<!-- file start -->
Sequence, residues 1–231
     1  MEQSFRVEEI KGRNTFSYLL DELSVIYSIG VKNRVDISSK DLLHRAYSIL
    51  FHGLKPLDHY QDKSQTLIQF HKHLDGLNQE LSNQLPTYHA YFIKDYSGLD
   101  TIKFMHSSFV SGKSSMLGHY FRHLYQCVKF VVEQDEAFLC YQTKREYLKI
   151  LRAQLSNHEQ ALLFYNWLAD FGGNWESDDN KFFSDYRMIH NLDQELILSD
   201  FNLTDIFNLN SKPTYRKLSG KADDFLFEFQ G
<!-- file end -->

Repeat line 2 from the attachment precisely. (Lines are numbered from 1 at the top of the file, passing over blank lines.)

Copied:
     1  MEQSFRVEEI KGRNTFSYLL DELSVIYSIG VKNRVDISSK DLLHRAYSIL